7. Acute Myeloid Leukemia

  1. Hussain I. Saba MD, PHD2 and
  2. Ghulam J. Mufti MB, DM, FRCP, FRCPATH3
  1. Martin S. Tallman,
  2. Ritesh Parajuli and
  3. Jessica K. Altman

Published Online: 24 MAR 2011

DOI: 10.1002/9781444394016.ch7

Advances in Malignant Hematology

Advances in Malignant Hematology

How to Cite

Tallman, M. S., Parajuli, R. and Altman, J. K. (2011) Acute Myeloid Leukemia, in Advances in Malignant Hematology (eds H. I. Saba and G. J. Mufti), Wiley-Blackwell, Oxford, UK. doi: 10.1002/9781444394016.ch7

Editor Information

  1. 2

    James A. Haley Veterans' Hospital, H. Lee Moffitt Cancer Center and Research Institute, University of South Florida College of Medicine, Tampa, FL, USA

  2. 3

    Department of Haematological Medicine, Guy's and St Thomas' School of Medicine, King's College Hospital, London, UK

Author Information

  1. Northwestern University Feinberg School of Medicine, and Robert H. Lurie Comprehensive Cancer Center, Chicago, Illinois, USA

Publication History

  1. Published Online: 24 MAR 2011
  2. Published Print: 16 APR 2011

ISBN Information

Print ISBN: 9781405196260

Online ISBN: 9781444394016



  • Acute Myeloid Leukemia


Acute myeloid leukemia (AML) is a heterogenous group of disorders that arise from the neoplastic transformation of a hematopoietic stem cell. Intensive investigations during the last two decades have provided insights into the pathogenesis of the disease and have revealed marked heterogeneity with respect to cytogenetics and molecular genetics of the malignant cells. The new World Health Organization (WHO) classification takes into account contemporary information about cytogenetic and molecular genetics and whether the disease arises from an antecedent hematological disorder or evolves as a result of prior chemotherapy exposure.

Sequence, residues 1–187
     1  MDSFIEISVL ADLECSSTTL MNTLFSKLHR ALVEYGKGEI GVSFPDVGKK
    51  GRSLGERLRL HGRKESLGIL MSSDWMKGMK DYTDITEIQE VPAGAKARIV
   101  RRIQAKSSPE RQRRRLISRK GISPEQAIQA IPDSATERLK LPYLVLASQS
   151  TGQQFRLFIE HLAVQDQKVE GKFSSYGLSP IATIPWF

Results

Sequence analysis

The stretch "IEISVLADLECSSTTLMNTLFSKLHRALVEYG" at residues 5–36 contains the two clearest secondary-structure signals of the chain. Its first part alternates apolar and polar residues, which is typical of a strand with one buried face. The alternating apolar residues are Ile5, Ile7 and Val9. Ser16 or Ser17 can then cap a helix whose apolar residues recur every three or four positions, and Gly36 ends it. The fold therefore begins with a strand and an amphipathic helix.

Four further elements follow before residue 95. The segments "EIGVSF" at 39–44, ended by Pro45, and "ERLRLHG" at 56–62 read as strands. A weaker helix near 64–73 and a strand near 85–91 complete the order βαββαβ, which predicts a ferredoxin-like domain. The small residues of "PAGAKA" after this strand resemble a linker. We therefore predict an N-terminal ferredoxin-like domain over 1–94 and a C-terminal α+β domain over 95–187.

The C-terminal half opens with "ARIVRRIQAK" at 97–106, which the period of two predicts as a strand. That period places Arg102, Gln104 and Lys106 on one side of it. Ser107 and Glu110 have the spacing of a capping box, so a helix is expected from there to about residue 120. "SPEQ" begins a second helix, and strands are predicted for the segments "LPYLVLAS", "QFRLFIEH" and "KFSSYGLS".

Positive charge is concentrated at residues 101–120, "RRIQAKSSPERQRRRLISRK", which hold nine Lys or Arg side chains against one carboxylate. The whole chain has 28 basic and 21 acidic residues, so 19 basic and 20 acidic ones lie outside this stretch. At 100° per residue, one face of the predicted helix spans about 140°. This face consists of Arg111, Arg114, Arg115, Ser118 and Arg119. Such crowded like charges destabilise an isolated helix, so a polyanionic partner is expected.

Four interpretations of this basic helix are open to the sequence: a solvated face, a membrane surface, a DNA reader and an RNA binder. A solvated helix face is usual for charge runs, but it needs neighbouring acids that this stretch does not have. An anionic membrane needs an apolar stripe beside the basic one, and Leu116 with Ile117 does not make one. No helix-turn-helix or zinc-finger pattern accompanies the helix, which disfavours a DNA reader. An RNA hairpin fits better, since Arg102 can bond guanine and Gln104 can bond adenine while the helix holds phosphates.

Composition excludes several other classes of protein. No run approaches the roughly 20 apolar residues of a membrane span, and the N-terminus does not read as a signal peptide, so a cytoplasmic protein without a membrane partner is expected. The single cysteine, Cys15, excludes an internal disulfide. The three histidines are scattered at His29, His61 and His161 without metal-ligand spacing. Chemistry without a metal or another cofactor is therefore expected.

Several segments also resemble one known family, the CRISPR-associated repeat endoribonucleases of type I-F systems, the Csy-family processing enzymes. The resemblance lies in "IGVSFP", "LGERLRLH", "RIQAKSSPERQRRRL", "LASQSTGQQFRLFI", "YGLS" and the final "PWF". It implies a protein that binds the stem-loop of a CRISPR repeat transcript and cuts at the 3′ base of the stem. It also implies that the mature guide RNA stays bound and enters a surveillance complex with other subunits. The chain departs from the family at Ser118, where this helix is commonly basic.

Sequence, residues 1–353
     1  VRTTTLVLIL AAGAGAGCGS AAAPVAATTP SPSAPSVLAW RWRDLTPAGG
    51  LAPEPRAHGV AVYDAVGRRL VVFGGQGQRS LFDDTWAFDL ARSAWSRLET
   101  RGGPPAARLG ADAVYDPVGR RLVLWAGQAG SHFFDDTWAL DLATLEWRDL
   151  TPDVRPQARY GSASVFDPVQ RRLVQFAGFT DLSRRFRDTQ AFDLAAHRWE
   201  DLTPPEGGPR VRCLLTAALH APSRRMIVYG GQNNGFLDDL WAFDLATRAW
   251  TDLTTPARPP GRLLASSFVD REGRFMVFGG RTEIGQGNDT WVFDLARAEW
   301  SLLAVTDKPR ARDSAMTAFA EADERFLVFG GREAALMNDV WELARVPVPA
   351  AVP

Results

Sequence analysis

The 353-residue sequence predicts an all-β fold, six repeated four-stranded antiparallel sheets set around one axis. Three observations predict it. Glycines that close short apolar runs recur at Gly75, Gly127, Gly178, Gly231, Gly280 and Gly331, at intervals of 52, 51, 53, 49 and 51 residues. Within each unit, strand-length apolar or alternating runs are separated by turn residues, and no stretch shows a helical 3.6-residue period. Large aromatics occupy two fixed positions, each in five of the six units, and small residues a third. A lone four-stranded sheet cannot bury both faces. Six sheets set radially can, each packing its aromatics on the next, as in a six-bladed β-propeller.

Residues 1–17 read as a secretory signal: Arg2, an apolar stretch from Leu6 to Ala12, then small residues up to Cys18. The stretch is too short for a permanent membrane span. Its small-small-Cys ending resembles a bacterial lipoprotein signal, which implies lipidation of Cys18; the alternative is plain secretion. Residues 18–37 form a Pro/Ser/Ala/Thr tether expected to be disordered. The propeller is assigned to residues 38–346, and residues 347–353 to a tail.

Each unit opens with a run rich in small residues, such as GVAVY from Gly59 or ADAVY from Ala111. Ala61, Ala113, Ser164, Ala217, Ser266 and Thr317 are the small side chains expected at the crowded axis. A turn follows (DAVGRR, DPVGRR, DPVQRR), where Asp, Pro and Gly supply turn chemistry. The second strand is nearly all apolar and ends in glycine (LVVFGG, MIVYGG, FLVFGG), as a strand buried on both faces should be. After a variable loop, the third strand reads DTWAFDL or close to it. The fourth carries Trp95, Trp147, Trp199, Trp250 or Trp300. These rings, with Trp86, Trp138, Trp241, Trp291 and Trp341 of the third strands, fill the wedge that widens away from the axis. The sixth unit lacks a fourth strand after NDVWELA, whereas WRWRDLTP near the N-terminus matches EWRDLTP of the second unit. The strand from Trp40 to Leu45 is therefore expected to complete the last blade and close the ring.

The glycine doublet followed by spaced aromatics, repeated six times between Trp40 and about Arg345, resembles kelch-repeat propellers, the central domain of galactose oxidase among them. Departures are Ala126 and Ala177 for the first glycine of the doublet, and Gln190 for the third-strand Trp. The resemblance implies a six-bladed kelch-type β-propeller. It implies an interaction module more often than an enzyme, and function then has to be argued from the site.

Despite current strategies, including intensive induction and consolidation chemotherapy, and improvements in allogeneic hematopoietic stem cell transplantation, many younger adults and almost all older adults with AML die of their disease. Recently, advances in immunophenotyping, karyotypic analysis, and molecular biology have led to important developments in tailored and targeted therapy. It is likely that, with further insights into the mechanisms of cell cycle control, apoptosis, differentiation, and cellular antigen expression, new targeted therapeutic strategies will be developed and perhaps even lead to the eradication of the leukemia stem cell.